A typical 2×2 multiple input multiple output (MIMO) channel emulator DSPS 10a, FIG. 3, includes four TDLs 44a implementing four correlated fading channels. Each fading channel TDL 44a is modeled using tapped delay lines H11, H12, H21, H22, with time varying and spatially correlated coefficients. The outputs of fading channels H11, and H21 are combined in summer 60 and the outputs of fading channel 44a TDLs H12, and H22 are combined in summer 62.

A 4×4 MIMO channel emulator DSPS 10b with sixteen correlated fading channels is shown in FIG. 4 with four input MIMO streams of IQ samples at N1-N4 distributed to sixteen fading channels, TDLs 44b, designated: H11, H21, H31, H41 which are combined in summer 64; H12, H22, H32, H42, combined in summer 66; H13, H23, H33, H43, combined in summer 68; and H14, H24, H34, H44, combined in summer 70 to provide four output MIMO streams of IQ samples M1-M4.

A prior art implementation of a typical 4×4 MIMO channel emulator system 8b, FIG. 5, duplicates the DSPS and RF subsystems to emulate forward and reverse signal propagation. Thus there are two channel emulator DSPS 10b, 10bb to implement the 4×4 MIMO paths with sixteen fading channels in each direction. DSPS 10b has associated with it four D/A converters 42b, four upconverters 38b, four A/D converters 40b, four downconverters 36b. Likewise DSPS 10bb has associated with it four upconverters 38bb, four A/D converters 40bb, four D/A converters 42bb and four downconverters 36bb. There are four RF circulators each 30b and 30bb which are shared by both DSPS 10b and 10bb.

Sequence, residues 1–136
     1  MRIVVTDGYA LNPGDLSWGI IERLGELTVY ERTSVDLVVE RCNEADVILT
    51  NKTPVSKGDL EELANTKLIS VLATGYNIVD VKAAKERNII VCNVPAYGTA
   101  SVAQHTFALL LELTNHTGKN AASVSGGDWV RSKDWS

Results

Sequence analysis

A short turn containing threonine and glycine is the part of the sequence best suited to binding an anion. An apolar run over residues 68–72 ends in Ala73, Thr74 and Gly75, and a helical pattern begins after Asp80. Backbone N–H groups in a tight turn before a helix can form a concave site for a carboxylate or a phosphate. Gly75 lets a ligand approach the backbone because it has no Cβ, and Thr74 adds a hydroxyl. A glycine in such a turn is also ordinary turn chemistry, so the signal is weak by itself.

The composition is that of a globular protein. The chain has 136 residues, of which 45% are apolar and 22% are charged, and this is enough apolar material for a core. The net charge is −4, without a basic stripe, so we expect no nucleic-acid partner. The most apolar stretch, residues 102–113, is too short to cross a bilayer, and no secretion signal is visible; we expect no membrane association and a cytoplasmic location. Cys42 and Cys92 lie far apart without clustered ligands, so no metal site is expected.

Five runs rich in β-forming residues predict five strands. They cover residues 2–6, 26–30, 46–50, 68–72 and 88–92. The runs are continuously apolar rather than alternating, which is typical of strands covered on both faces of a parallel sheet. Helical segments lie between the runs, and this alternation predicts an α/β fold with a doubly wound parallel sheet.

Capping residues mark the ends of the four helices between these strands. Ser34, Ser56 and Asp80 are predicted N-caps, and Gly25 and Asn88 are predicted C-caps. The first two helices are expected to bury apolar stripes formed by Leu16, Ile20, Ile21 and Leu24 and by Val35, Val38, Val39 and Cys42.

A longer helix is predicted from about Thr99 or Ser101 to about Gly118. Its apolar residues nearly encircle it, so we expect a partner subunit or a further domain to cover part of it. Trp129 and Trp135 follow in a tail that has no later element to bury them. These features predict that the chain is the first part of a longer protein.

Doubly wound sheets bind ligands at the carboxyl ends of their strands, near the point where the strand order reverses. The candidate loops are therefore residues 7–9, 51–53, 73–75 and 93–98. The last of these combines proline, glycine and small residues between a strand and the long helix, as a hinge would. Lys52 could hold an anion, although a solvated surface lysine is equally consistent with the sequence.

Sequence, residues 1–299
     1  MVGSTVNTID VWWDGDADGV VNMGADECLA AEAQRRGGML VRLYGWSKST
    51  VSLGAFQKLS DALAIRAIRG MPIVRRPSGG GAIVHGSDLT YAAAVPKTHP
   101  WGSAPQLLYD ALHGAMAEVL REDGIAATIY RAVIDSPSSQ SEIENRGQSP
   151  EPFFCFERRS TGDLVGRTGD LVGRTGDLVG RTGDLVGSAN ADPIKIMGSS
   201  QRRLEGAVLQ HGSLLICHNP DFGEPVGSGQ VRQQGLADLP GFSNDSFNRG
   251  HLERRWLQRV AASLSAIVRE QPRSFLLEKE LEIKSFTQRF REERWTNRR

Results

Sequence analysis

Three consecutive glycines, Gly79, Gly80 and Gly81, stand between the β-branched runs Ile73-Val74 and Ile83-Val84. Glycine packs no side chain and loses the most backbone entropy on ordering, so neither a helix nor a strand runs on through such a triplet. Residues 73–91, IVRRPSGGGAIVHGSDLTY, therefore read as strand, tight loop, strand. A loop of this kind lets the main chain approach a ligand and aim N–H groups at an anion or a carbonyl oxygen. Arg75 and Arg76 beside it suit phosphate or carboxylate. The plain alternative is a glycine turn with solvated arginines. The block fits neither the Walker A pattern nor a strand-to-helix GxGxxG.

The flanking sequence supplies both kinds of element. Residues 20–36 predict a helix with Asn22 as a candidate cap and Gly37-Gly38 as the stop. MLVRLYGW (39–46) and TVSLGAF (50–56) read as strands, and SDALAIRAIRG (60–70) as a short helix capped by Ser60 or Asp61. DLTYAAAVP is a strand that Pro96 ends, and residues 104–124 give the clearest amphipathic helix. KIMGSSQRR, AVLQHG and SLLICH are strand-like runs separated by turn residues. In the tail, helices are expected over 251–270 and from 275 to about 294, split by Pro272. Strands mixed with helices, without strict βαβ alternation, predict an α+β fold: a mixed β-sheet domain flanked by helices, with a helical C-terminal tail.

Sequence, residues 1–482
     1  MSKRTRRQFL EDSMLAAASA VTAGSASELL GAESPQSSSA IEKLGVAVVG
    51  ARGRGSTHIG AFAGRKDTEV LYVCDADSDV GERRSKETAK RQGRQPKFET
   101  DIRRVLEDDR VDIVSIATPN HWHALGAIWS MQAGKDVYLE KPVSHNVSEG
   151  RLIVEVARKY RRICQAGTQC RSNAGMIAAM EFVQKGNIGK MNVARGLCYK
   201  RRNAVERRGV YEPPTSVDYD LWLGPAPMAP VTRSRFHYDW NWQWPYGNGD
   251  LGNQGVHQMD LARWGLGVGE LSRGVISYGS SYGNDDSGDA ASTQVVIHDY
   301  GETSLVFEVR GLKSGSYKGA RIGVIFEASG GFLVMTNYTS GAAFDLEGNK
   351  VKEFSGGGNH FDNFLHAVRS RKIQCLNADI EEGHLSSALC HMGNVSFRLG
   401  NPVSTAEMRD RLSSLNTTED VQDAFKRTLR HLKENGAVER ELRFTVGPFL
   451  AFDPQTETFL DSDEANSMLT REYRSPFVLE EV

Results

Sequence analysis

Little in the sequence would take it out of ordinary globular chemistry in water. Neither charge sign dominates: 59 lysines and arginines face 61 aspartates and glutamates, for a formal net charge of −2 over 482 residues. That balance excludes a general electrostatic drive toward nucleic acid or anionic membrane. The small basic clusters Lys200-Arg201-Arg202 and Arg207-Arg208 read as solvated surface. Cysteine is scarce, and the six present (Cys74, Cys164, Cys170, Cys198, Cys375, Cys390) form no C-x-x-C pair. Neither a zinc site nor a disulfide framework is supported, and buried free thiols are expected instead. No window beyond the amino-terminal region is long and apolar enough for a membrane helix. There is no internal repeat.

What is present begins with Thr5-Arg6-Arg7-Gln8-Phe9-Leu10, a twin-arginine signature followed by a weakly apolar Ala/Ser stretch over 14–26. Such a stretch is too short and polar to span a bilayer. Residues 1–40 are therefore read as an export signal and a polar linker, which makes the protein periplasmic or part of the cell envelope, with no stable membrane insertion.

In accordance with this invention half duplex channel emulation can be effected using switch fabric logic immediately requiring only half the computing hardware: one DSPS instead of two, FIG. 6. Instead of duplicating the computing hardware in the forward and reverse directions, switch fabric logic 80 including ingress switch logic 82 and egress switch logic 84 is used to enable a single DSPS 10c to operate in both the forward and reverse directions. Also according to this invention the DSPS 10c is no longer implemented using expensive FPGA hardware but rather using GPU software to perform the required functions. Similarly the switch logic 80 including ingress switch logic 82 and egress switch logic 84 is also implemented using GPU software. The direction of operation can be discerned very simply using, for example, power detector 86. When the power at RF port from DUT-2 is low, indicating that DUT-2 is not transmitting, the flow of IQ samples is from A/D converters 40c to D/A converters 42c, directing the transmit signal from DUT-1 to DUT-2. When power detector 86 senses the transmit signal from DUT-2, operation is in the reverse direction from A/D converters 40cc to D/A converters 42cc thus reversing the flow of IQ samples from the transmitting DUT-2 to the receiving DUT-1.